# Similarity Transformations Worksheets

We have been discussing the concept of various transformations where a geometric figure or shape changes in some way normally on a coordinate plane. Now it is time to diagnose a possible change or movement of a shape. A similarity transformation is when either a rotation, reflection, or translation occurs and then the shape changes scale or size via a dilation. To do this you will you need to track the possible trajectory that this shape could have taken by reverse engineering it. Once you declare that it is possible, you will check your work by verify that the corresponding angles are congruent and that the sides are in direct proportion to one another. These worksheets and lessons help students learn how to recognize and perform similarity transformation which are standard transformations that are followed by a dilation.

### Aligned Standard: High School Geometry - HSG-SRT.A.2

- Changing Triangles Step-by-step Lesson - How does the one triangle become the other triangle?
- Guided Lesson - Determine the rules that dictate the size of these triangles and other shapes.
- Guided Lesson Explanation - These explanations are not for the weak reader. I need to find a way to make them more graphical.
- Practice Worksheet - A five pack to test your skills and endurance.
- Matching Worksheet - Ya, you really only need to do one problem. If you do both, you can check your work that way.
- Intuitive Notion of Translations Worksheet Five Pack - Is translation at work? The second step is to determine if a horizontal or vertical translation took place.
- Translations Worksheet Five Pack - A nice true or false starts you off. Then we move to graphs.
- Transformation-Dilation Worksheet Five Pack - Determine some scalar factors for us.

- Answer Keys - These are for all the unlocked materials above.

### Homework Sheets

This skill is somewhat the inverse of the previous standard. It just requires you to think at a slightly higher level.

- Homework 1 - After translating the center of F to the center of F', dilate F about its new center to contract F onto F'.
- Homework 2 - Choose a pair of corresponding vertices not located at the origin, like V' (2, -2) and the image of V after the translation, which is V' (10,-10).
- Homework 3 - To find the scale factor of this dilation, calculate the ratio of the radii.

### Practice Worksheets

If students are having trouble start with the second version here.

- Practice 1 - You can transform triangle PQR to triangle P'Q'R' by translating it and then performing dilation centered at the origin. So, triangle PQR ~ triangle P'Q'R'. Find the translation rule and the scale factor of the dilation.
- Practice 2 - You can transform S to S' by translating it and then performing a dilation. Find the translation rule and the scale factor of the dilation.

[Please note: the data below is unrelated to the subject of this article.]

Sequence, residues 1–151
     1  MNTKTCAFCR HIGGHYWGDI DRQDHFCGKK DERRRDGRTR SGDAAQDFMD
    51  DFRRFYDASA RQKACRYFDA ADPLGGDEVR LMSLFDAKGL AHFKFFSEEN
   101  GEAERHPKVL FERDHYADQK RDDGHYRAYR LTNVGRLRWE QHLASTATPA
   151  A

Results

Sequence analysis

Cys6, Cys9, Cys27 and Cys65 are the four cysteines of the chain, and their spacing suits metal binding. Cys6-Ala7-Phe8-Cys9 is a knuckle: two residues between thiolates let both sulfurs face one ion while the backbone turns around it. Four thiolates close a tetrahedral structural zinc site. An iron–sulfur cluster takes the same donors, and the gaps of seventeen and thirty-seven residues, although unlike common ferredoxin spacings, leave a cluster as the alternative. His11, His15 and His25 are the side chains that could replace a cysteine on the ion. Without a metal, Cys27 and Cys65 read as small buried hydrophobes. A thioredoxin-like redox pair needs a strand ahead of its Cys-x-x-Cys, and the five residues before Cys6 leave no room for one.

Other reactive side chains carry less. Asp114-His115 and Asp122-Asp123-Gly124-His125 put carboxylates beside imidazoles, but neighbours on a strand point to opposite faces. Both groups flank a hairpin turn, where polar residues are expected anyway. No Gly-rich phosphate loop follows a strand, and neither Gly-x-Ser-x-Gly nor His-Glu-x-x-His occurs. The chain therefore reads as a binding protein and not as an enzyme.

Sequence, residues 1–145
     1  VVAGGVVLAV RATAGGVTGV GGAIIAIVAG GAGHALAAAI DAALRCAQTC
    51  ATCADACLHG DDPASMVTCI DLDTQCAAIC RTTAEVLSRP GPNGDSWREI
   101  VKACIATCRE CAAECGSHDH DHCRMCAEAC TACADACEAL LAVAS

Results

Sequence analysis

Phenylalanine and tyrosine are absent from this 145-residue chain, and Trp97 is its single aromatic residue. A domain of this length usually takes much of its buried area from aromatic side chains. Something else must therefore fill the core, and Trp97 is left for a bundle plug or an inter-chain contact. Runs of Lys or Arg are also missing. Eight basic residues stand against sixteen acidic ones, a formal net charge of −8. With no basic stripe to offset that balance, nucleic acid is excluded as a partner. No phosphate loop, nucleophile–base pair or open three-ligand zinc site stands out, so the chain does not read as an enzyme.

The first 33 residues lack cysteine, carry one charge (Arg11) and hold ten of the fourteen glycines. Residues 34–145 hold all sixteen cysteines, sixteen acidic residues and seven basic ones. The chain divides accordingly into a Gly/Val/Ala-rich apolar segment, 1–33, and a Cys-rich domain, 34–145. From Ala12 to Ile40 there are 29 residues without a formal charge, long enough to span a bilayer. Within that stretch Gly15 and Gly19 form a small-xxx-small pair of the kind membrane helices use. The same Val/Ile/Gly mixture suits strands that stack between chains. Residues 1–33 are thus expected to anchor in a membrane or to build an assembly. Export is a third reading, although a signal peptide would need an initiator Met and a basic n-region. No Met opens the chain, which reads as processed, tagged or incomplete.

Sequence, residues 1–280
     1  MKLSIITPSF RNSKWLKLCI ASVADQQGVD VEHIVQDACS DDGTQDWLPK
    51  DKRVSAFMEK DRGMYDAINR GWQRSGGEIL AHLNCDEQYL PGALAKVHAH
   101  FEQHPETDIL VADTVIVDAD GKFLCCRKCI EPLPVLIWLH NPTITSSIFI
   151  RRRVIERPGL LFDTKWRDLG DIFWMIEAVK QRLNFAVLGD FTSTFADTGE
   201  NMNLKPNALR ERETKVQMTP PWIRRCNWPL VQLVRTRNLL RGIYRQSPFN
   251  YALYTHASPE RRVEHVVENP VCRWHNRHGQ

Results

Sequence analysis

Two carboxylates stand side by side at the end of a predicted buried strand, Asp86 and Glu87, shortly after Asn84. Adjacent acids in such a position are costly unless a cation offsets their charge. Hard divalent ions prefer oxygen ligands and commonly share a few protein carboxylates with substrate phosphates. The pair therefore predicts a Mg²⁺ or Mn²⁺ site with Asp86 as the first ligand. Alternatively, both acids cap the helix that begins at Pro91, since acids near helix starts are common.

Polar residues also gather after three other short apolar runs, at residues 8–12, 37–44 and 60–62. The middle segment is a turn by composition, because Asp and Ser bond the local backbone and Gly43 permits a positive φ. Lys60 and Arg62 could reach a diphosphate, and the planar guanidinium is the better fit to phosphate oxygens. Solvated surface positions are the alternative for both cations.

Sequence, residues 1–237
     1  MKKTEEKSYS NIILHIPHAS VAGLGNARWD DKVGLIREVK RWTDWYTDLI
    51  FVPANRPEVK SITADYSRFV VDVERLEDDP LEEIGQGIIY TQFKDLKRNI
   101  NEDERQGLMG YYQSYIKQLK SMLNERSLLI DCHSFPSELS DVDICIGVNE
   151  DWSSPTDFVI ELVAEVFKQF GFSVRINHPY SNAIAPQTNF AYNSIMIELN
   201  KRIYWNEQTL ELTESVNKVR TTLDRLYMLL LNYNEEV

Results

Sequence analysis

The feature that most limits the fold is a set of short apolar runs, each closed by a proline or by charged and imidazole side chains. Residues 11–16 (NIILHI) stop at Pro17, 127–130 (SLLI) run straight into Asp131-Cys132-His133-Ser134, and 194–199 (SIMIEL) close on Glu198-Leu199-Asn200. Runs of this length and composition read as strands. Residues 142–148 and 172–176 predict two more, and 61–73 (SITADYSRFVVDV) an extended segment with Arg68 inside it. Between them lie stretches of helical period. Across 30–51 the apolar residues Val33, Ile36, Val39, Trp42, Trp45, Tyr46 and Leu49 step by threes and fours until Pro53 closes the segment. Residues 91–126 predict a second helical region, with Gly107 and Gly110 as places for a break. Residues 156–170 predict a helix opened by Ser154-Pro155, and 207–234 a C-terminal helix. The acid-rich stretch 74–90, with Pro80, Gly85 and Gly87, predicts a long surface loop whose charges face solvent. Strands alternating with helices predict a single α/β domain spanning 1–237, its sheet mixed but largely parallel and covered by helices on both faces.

- Practice 3 - See if you can model what is asked for.

### Math Skill Quizzes

I mix some fun questions with problems that require a little bit of thinking.

- Quiz 1 - Determine if it is an example of translation?
- Quiz 2 - Under a translation of 2 units up and 4 units to the left, the point (6, 6) will become (-10,-3). Is this translation is true or false?
- Quiz 3 - If the length of the plastic cover is 16 inches under the scale factor of the dilation is 4. What is the width of the plastic cover after the dilation?

### What are the Similarity Transformations?

Transformation in mathematics is a fun concept as it allows moving an object from its original position and orientation to a new position and/or orientation. There are three types of transformations that we can perform on geometrical shapes, including reflection, rotation, and translation. We know what transformations are, but do we know what similarity transformations are?

A similarity transformation is a case when the resulting image after applying one or more rigid transformations is similar to the original figure. A rigid transformation is applied to the figure and a dilation then follows it. The resulting image has the same angles and all the sides of the original figure, and the images are proportional.

If you want to determine if two geometric shapes are similar just follow these two steps: **Step 1)** Observe the path and retrace the steps that could have been taken to transpose one shape to the next. Can you logically say that it is a reflection, rotation, translation, or mix of them? If you can clearly see this, move on to step 2, otherwise they are not similar. **Step 2)** Verify that all the corresponding angles between the two shapes are congruent. If that holds up, make sure that the sides are either equivalent or proportional. If you can verify all those parameters, you have validated that the shapes are in fact similar.

Similarity transformations and self-similarity are crucial when learning the concepts of iterated function systems and fractals. At first this skill seems difficult but gets easier with experience. You will not only apply this concept to geometric shapes, but as we move on to advanced forms of statistical logic and working with matrix being able to distinguish analogous patterns will be very valuable.